That would allow us to follow the General Linear Model framework and explain our data with two things: the model’s prediction, and error. We can look at the difference between our observed slope coefficient--6.468--and the one we’d expect if there were no relationship--0, for each point. And we’ll start here with this point: The green line represents the difference between our observed model--which is the blue line--and the model that would occur if the null were true--which is the red line. And we can do this for EVERY point in the data set. We want negative differences and positive differences to count equally, so we square each difference so that they’re all positive. Then we add them all up to get part of the numerator of our F-statistic: The numerator has a special name in statistics.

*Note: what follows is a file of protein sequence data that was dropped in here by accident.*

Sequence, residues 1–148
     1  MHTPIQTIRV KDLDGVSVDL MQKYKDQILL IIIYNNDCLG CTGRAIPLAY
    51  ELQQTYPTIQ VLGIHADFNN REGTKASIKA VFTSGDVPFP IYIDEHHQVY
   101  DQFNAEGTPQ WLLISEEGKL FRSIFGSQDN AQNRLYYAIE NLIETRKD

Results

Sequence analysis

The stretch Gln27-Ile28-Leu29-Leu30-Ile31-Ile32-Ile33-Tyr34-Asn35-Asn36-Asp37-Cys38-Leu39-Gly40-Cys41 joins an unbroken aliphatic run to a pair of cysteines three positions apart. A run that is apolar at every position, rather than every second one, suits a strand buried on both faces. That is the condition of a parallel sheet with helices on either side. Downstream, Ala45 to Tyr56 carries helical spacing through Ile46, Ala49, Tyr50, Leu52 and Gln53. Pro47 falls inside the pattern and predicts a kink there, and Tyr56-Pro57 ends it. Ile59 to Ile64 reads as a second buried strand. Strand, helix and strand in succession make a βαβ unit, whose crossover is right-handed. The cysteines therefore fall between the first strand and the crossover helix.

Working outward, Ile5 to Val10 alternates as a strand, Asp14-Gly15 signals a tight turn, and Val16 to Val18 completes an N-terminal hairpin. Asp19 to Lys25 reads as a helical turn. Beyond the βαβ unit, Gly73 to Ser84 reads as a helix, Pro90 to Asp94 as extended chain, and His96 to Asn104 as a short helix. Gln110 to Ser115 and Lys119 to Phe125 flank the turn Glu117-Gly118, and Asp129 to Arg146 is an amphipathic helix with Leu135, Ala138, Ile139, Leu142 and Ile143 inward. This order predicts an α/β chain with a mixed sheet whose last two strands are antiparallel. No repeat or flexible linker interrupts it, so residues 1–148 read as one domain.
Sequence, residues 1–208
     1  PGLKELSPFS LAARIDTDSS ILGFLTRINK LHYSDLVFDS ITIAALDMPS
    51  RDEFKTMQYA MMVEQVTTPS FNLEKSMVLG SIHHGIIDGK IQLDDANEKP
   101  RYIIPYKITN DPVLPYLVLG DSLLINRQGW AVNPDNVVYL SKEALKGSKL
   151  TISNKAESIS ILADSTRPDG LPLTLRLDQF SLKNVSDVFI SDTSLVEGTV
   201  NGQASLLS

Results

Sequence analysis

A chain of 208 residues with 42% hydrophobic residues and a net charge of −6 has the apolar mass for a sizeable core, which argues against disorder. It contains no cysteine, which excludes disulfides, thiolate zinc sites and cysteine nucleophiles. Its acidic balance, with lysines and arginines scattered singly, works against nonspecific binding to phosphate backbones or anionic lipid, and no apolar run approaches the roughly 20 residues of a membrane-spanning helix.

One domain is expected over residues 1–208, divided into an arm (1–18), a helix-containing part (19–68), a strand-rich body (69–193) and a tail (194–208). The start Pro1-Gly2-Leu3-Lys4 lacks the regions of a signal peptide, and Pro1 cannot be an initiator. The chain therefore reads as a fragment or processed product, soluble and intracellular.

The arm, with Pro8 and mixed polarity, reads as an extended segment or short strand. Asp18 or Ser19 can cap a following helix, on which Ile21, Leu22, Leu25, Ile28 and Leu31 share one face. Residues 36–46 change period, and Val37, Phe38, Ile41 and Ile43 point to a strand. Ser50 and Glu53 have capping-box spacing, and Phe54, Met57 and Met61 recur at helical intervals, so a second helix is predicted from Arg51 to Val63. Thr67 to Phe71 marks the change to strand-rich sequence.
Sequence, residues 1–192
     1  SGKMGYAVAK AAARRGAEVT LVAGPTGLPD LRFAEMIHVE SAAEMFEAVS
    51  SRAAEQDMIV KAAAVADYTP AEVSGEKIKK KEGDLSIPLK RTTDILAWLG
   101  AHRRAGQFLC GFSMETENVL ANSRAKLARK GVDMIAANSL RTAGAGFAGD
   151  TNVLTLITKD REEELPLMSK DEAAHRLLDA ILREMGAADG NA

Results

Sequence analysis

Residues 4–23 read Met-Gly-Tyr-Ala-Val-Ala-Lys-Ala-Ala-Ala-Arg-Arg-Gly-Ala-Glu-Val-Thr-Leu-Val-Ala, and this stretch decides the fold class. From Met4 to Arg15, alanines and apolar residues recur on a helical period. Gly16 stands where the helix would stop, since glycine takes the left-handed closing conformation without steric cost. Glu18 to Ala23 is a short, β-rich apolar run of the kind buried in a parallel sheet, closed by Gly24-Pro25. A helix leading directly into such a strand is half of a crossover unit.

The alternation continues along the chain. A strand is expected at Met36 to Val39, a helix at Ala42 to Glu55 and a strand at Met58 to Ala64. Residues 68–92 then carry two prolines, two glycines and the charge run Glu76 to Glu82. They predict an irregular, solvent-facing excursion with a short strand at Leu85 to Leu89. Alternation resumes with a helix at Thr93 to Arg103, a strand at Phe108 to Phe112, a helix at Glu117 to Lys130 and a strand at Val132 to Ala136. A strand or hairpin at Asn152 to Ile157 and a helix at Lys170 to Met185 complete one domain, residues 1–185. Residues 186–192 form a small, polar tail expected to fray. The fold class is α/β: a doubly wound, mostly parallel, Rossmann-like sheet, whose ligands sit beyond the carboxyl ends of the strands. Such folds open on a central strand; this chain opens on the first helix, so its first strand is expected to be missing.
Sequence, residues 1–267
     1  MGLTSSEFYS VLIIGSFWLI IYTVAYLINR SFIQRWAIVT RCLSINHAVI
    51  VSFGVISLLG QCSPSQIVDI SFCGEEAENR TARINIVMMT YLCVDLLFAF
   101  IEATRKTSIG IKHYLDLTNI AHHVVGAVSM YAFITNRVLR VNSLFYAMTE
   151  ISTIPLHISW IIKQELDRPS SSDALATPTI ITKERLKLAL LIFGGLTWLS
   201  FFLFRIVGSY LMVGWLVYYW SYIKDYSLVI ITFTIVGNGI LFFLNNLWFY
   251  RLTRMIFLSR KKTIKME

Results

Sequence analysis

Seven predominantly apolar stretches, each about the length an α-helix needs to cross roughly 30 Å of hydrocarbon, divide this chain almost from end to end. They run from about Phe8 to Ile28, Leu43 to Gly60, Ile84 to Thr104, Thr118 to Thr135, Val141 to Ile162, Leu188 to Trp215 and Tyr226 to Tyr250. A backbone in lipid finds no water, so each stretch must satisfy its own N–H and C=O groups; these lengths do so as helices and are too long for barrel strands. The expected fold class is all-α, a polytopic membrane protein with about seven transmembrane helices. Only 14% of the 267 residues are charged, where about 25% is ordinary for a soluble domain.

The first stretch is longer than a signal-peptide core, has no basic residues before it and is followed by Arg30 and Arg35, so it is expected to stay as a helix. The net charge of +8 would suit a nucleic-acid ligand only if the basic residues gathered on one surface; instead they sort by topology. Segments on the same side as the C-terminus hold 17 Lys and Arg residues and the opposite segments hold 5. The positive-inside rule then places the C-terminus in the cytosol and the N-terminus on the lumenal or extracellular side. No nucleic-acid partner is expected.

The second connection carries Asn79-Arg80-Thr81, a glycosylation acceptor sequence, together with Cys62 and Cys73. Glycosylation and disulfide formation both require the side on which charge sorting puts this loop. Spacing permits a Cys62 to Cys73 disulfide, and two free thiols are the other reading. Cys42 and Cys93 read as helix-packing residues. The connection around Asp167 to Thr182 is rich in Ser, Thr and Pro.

It’s called the Sums of Squares for Regression, or SSR for short. Like the name suggests, this is the sum of the squared distances between our regression model and the null model. Now we just need a measure of average variation. We already found a measure of the total variation in our sample data, the Total Sums of Squares. And we calculated the variation that’s explained by our model. The other portion of the variation should then represent the error, the variation of data points around our model. Shown here in Orange. The sum of these squared distances are called the Sums of Squares for Error (SSE). If data points are close to the regression line, then our model is pretty good at predicting outcome values like likes on trending YouTube Videos. And so our SSE will be small. If the data are far from the regression line, then our model isn’t too good at predicting outcome values. And our SSE is going to be big. Alright, so now we have all the pieces of our puzzle. Total Sums of Squares, Sums of Squares for Regression, and Sums of Squares for Error: Total Sums of Squares represents ALL the information that we have from our Data on YouTube likes. Sums of Squares for Regression represents the proportion of that information that we can explain using the model we created. And Sums of Squares for Error represents the leftover information--the portion of Total Sums of Squares that the model can’t explain. So the Total Sums of Squares is the Sum of SSR and SSE.